There are numerous old books (dating from before the twentieth century) that one can find in Vietnam that originally came from China. In some cases, these books were brought from China and then republished in Vietnam.

To publish a book in Vietnam before the twentieth century meant carving images of each page of text on a wooden block, as woodblock printing was the main technique for printing texts at that time. This was very expensive, and usually required the financial contributions of a group of people.

Such was the case with a book called the Veritable Records of Cause and Effect (Yinguo shilu/Nhân quả thực lục 因果實錄). In the nineteenth century, a monk by the name of Chiếu Kiên 照堅 got some people to contribute funds to support the carving of woodblocks so that this text, which had first been published in China in the seventeenth century, could be printed.

Once woodblocks are carved, they can then be used and reused to print the text. The National Library of Vietnam has a copy of the Veritable Records of Cause and Effect, for instance, that dates from the early twentieth century when a man paid for 300 copies to be printed from the same woodblock prints that Chiếu Kiên had ordered carved decades earlier.


The Veritable Records of Cause and Effect tells the story of a certain Lin Silin 林嗣麟 who lived in a place called Lishu Village 黎樹村 in Huguang Province during the early years of Qing Dynasty rule.

Lin, we are told, was a model citizen. He devoutly abstained from eating meat and chanted the Diamond Sutra (金剛經) each morning and night. Further, he was honest, and took delight in acts of goodness, and as a result, the people in his village all respected him.

It then came as a surprise to all when in 1658, Lin Silin, who at the time was only 41 years old, was arrested by ghost troops (鬼卒) and taken to the underworld.

Upon arriving in the netherworld, Lin Silin saw that he had been falsely detained, for there was a sign there charging a man with a similar-sounding name, Ling Shiqi 凌士奇, from a similar-sounding village, Lishu Village 李樹村 (i.e., the first character is different from the one for the first character in the name of Lin Silin’s village), as an “evil-offending ox-slaughterer” (惡犯牛屠).


Fortunately, the judge in this underworld court immediately suspected that something was wrong, as he detected a slight glow above Lin Silin’s head, an indication that Lin Silin was not a bad person.

In an effort to clarify the situation, the judge began to ask Lin Silin questions. First he asked Lin how many oxen he had slaughtered in his life. “Amituofo! I have never killed a single ox,” Lin responded in alarm.

The judge then sought to verify that Li Silin was from Lishu 李樹 Village, and Lin explained that he was actually from the different, but similar-sounding, village of Lishu 黎樹.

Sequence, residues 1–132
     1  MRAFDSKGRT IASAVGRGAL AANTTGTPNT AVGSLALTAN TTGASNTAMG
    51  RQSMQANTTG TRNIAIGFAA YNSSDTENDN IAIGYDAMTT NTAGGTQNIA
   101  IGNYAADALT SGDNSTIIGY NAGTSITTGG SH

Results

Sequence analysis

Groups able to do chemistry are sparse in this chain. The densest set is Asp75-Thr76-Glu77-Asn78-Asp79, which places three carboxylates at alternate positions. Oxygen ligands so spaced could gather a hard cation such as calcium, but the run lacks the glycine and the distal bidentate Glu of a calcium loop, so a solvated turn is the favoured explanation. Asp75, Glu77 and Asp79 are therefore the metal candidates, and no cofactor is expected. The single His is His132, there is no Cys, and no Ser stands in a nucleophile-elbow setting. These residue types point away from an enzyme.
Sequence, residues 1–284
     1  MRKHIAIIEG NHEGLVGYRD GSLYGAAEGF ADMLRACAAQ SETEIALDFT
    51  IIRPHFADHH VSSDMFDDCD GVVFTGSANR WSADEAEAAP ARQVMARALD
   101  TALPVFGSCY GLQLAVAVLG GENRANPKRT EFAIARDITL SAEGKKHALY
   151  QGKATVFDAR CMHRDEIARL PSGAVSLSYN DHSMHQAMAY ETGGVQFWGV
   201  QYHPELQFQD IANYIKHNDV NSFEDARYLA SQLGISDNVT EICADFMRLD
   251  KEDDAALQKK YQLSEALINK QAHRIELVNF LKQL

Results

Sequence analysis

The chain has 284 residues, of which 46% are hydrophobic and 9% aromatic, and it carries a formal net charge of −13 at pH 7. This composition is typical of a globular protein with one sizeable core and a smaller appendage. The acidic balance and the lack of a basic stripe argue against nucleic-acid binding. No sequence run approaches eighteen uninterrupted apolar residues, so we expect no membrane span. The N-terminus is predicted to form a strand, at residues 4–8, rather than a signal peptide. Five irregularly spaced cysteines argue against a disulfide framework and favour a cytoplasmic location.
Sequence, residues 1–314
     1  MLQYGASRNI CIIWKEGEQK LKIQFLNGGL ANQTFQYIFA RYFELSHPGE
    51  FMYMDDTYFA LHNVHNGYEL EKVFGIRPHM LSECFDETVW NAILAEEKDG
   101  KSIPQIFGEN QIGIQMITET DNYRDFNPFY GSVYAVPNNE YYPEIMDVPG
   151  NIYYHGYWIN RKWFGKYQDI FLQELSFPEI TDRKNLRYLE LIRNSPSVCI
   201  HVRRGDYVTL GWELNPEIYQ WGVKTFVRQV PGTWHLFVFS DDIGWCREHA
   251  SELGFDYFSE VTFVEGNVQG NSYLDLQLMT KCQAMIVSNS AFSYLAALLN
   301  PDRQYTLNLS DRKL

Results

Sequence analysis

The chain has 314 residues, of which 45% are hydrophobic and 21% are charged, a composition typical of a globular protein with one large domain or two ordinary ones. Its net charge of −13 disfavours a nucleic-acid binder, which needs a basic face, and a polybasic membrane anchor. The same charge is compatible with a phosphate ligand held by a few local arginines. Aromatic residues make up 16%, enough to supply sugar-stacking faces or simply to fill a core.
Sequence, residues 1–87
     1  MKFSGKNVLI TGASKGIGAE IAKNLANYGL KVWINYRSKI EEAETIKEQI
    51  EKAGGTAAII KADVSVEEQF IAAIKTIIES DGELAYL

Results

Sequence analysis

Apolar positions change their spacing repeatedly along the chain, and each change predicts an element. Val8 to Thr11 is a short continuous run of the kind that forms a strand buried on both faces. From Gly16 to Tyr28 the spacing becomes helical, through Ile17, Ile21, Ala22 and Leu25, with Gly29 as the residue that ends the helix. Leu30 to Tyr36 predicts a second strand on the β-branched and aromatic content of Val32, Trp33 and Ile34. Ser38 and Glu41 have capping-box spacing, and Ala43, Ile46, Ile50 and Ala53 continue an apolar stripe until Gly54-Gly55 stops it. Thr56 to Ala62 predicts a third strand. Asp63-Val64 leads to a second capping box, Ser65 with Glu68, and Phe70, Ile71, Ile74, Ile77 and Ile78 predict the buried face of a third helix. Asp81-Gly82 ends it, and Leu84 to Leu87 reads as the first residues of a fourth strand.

The judge then asked Lin Silin his age and date of birth, and with this information he checked the records concerning the fates of human beings and found that Lin Silin was supposed to live until the ripe age of 78, and that he had therefore been erroneously detained.

Having realized what had happened, the judge decided to send Lin Silin back to the human realm. Before doing so, however, he sends Lin Silin to the main court of the King of the Underworld (王爺) where Lin observes the king as he judges and makes decisions about the cases of numerous people, both evil and good.

In the process, Lin Silin learns a great deal about the connection between cause and effect (yingguo/nhân quả 因果) in people’s lives.

Finally, Lin Silin is allowed to return to the human world where he then writes down a record of everything that had happened to him and what he observed in the underworld – the Veritable Records of Cause and Effect.


Scholars in Vietnam today rarely write about texts like this one. This is an effect (果) of the cause (因) of nationalism, as “Chinese” books like this one are not deemed to be important for “Vietnamese” history. In the few cases when “Chinese” texts are mentioned, it is to make nationalist-inspired arguments about how such texts were “localized” and “Vietnamized.”

The fact, however, that a monk in the nineteenth century ordered woodblock prints made of this text, that various people contributed money for that to happen, and that we have a record of a single man paying for the printing of 300 copies in the early twentieth century, all suggest that this was a very important book for at least some Vietnamese. So if we want to understand the past, we should try to figure out what it is that such people thought, valued and wanted others to think and value (hence the reason why the book was printed and distributed).

Otherwise, the more people willfully forget about books like this one and the people who published and distributed it, the more they will not understand the past – cause and effect.